The January 2014 Eruption of Pacaya (Guatemala): Rheology and Morphology through Field Observations and Laboratory Experiments

Monday, 15 December 2014
Arianna Soldati1, Anthony Bollasina1, Gustavo Chigna2, Alexander Sehlke1 and Alan G Whittington1, (1)University of Missouri Columbia, Columbia, MO, United States, (2)INSIVUMEH, Guatemala City, Guatemala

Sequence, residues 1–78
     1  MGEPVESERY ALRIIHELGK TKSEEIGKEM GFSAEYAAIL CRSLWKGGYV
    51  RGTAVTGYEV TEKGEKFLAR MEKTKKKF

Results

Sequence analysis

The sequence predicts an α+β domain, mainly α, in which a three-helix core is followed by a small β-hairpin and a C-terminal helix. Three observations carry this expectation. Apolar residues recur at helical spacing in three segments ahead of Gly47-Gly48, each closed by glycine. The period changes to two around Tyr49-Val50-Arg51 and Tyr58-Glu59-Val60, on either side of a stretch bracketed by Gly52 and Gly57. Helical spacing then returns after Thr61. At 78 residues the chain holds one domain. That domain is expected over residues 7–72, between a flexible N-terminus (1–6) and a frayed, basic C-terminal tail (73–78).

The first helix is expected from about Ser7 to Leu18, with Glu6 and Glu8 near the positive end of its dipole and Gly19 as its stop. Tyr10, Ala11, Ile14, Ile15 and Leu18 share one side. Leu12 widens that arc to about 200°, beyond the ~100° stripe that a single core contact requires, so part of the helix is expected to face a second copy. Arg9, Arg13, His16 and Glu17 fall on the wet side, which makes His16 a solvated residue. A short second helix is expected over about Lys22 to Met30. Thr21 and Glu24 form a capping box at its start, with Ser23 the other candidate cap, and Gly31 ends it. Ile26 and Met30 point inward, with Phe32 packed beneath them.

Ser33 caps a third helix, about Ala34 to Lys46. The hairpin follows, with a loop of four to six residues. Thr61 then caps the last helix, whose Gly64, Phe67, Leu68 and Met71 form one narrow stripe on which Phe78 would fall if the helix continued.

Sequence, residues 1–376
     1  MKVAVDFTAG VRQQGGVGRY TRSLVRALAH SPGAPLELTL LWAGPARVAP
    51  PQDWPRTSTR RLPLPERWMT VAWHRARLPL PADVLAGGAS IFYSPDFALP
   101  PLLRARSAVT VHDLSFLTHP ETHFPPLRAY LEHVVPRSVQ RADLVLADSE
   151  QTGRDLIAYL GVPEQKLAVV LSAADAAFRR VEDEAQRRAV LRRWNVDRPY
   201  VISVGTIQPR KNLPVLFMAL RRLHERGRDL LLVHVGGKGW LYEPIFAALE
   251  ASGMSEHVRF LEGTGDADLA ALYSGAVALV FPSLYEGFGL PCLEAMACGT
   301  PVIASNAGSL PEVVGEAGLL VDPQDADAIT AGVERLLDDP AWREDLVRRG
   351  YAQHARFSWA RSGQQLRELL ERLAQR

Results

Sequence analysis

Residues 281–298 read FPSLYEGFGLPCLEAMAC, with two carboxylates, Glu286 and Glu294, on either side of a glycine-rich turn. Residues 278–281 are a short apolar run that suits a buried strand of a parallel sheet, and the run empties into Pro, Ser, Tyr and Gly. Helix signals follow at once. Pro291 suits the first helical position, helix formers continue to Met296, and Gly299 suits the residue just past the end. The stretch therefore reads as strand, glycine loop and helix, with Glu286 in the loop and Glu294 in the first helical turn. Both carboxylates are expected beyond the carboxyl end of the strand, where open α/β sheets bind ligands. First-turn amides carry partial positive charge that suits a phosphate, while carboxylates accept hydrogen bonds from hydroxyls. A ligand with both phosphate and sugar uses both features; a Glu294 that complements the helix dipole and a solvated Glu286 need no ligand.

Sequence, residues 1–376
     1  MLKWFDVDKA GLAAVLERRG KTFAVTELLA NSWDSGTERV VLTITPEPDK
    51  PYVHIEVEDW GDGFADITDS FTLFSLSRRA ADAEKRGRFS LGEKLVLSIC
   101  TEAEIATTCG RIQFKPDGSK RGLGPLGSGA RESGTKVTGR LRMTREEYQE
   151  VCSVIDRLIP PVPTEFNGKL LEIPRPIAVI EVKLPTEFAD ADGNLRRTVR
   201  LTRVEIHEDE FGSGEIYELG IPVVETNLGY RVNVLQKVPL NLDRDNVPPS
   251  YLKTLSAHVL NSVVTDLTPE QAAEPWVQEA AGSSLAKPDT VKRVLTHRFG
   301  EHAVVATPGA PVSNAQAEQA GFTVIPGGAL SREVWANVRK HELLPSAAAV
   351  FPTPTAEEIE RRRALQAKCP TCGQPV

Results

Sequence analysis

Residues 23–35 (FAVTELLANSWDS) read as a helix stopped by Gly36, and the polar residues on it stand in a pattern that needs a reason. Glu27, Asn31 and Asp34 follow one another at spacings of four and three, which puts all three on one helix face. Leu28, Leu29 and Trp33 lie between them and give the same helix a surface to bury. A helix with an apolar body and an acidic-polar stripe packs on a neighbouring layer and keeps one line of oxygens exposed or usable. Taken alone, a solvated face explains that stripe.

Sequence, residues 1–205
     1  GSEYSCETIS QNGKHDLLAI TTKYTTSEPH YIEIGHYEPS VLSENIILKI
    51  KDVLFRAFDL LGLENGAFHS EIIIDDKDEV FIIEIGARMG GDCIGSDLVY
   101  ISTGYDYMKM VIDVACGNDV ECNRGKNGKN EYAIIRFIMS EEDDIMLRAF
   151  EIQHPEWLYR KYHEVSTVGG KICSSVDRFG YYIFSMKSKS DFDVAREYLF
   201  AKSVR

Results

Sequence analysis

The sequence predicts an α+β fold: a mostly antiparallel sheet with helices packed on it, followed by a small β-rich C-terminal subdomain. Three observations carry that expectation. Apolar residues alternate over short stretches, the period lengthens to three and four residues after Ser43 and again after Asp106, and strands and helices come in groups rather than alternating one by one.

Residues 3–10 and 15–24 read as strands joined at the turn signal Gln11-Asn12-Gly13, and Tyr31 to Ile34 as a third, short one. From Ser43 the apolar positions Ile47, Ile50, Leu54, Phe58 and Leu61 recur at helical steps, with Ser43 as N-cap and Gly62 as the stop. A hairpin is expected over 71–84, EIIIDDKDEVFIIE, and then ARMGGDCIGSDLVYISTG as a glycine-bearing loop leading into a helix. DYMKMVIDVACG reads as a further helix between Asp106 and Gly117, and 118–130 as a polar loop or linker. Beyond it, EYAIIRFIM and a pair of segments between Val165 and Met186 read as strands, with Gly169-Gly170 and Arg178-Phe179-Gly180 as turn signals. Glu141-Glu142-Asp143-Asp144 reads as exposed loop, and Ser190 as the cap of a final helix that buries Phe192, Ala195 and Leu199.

The morphology of lava flows depends largely on rheological properties (viscosity, yield strength), which in turn vary with its physical properties (composition, crystal and bubble fraction, temperature). We are investigating how these properties vary in space and time (1) along and across a flow at a particular instant in time, and (2) for a single quantum of magma from vent to final emplacement. Our study area is Pacaya (Guatemala). Its latest effusive eruption begun on January 10th 2014 and produced two lava flows emitted from newly-formed vents, aligned NW-SE across the summit. Flow surface profiles were obtained with a Laser Range Finder, and extensive sampling was conducted on both flows while still active or shortly afterwards. The lavas are basalts (SiO2 = 50-51.5%), the SE flow being slightly more evolved than the NW one. Both flows are less alkali-rich than historical flows, even as recently as 2010. The mineralogy consists of plagioclase, olivine, pyroxenes, and minor oxides. The samples are highly crystalline (~60% phenocrysts + microlites) and considerably vesicular (≥25%, decreasing downflow), with mostly interconnected porosity. The flow velocity, estimated from videos taken in the field, decreased from ~2.8 m/s by the vent, where the flow surface is mostly incandescent pahoehoe, to ~0.5 m/s about 1 km downflow, where the surface is mostly dark `a`a. This velocity decrease is consistent with cooling and crust formation, as well as a decrease in slope from 45° to 4°. The effects of crystallization on the evolution of the 2014 lavas rheology are being investigated through concentric cylinder and parallel plate viscometry, and will be compared to the 2010 data. Lavas erupted in 2010 have a viscosity of ~75 Pa s at their liquidus temperature of ~1260˚C, increasing to ~250 Pa s at ~1240˚C (~25% crystals) and ~800 Pa s at ~1225˚C (~36% crystals). At subliquidus conditions, lava rheology is distinctly non-Netonian, and best fit with a power-law rheology, but yield strengths are low even at high crystal fractions (e.g. ~140 Pa at 42% crystals). Rheological gradients are therefore expected to be very strong even within the incandescent flow interior. Experimental study of the 2014 lavas, combined with observations of their emplacement, will allow us to better understand how evolving rheology affects final flow morphology.